It has the quality of myth: a poor cobbler’s son, a seminarian from an oppressed outer province of the Russian empire, reinvents himself as a top leader in a band of revolutionary zealots. When the band seizes control of the country in the aftermath of total world war, the former seminarian ruthlessly dominates the new regime until he stands as absolute ruler of a vast and terrible state apparatus, with dominion over Eurasia. While still building his power base within the Bolshevik dictatorship, he embarks upon the greatest gamble of his political life and the largest program of social reengineering ever attempted: the collectivization of all agriculture and industry across one sixth of the earth. Millions will die, and many more millions will suffer, but the man will push through to the end against all resistance and doubts.
Where did such power come from? In Stalin, Stephen Kotkin offers a biography that, at long last, is equal to this shrewd, sociopathic, charismatic dictator in all his dimensions. The character of Stalin emerges as both astute and blinkered, cynical and true believing, people oriented and vicious, canny enough to see through people but prone to nonsensical beliefs. We see a man inclined to despotism who could be utterly charming, a pragmatic ideologue, a leader who obsessed over slights yet was a precocious geostrategic thinker—unique among Bolsheviks—and yet who made egregious strategic blunders. Through it all, we see Stalin’s unflinching persistence, his sheer force of will—perhaps the ultimate key to understanding his indelible mark on history.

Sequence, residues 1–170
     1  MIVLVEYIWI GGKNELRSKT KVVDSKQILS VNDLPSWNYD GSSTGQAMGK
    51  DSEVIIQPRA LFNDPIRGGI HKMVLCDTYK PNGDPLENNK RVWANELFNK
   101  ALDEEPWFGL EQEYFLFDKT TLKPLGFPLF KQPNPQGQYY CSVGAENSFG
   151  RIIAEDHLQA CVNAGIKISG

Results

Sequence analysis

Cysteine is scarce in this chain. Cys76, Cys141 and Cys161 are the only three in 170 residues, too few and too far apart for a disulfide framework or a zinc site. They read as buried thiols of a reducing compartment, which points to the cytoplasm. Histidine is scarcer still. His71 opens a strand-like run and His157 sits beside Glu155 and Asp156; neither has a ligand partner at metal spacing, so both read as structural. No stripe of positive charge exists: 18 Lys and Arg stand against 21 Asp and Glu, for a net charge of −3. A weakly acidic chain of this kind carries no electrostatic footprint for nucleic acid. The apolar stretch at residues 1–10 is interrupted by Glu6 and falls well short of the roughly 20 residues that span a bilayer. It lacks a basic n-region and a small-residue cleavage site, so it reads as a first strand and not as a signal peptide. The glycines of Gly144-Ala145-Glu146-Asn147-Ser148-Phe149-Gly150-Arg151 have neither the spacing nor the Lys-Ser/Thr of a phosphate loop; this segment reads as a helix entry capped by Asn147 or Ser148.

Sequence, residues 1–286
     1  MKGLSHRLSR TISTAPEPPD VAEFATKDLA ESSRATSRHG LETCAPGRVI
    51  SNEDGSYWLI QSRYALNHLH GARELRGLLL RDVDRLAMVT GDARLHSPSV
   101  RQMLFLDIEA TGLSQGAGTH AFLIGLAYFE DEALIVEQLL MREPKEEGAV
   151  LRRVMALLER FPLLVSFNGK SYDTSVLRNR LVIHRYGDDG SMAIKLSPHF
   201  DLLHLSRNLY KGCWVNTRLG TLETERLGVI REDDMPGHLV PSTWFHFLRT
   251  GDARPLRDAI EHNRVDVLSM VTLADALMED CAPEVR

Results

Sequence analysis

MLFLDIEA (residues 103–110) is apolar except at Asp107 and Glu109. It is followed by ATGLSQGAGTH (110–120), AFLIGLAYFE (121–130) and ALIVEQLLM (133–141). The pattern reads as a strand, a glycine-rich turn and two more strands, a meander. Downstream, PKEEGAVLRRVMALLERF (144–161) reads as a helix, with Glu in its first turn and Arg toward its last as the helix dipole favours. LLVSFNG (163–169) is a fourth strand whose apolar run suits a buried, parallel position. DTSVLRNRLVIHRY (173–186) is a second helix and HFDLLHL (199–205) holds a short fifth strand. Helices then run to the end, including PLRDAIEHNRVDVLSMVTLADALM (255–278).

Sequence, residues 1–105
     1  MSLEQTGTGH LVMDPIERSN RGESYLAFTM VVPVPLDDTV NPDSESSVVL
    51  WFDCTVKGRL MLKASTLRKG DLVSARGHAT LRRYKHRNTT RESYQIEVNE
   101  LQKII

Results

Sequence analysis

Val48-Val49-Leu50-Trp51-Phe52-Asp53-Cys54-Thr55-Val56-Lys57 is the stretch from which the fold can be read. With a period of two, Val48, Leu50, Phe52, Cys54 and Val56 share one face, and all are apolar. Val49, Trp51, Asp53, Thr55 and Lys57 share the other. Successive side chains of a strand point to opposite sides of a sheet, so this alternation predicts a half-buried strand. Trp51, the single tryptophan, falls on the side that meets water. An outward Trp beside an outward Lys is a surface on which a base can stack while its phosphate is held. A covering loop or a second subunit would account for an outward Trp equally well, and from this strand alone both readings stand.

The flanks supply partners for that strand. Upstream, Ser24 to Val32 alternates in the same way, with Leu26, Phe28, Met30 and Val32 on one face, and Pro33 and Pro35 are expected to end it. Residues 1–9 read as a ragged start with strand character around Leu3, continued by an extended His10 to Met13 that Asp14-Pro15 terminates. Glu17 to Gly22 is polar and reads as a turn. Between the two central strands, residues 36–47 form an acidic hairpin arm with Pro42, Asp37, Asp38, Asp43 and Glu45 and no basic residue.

Stalin gives an intimate view of the Bolshevik regime’s inner geography of power, bringing to the fore fresh materials from Soviet military intelligence and the secret police. Kotkin rejects the inherited wisdom about Stalin’s psychological makeup, showing us instead how Stalin’s near paranoia was fundamentally political, and closely tracks the Bolshevik revolution’s structural paranoia, the predicament of a Communist regime in an overwhelmingly capitalist world, surrounded and penetrated by enemies. At the same time, Kotkin demonstrates the impossibility of understanding Stalin’s momentous decisions outside of the context of the tragic history of imperial Russia.
The product of a decade of intrepid research, Stalin is a landmark achievement, a work that recasts the way we think about the Soviet Union, revolution, dictatorship, the twentieth century, and indeed the art of history itself.
“This is a very serious biography that… is likely to well stand the test of time.”
New Statesman (UK):
“[Kotkin’s] viewpoint is godlike: all the world falls within his purview. He makes comparisons across decades and continents…. An exhilarating ride.”
Anne Applebaum, The Atlantic:
Robert Gellately, Times Higher Education (London):
“A brilliant portrait of a man of contradictions… In the vast literature on the Soviet Union, there is no study to rival Stephen Kotkin’s massive first instalment of a planned three-volume biography of Joseph Stalin. When it is complete, it will surely become the standard work, and I heartily recommend it.”
John Thornhill, Financial Times: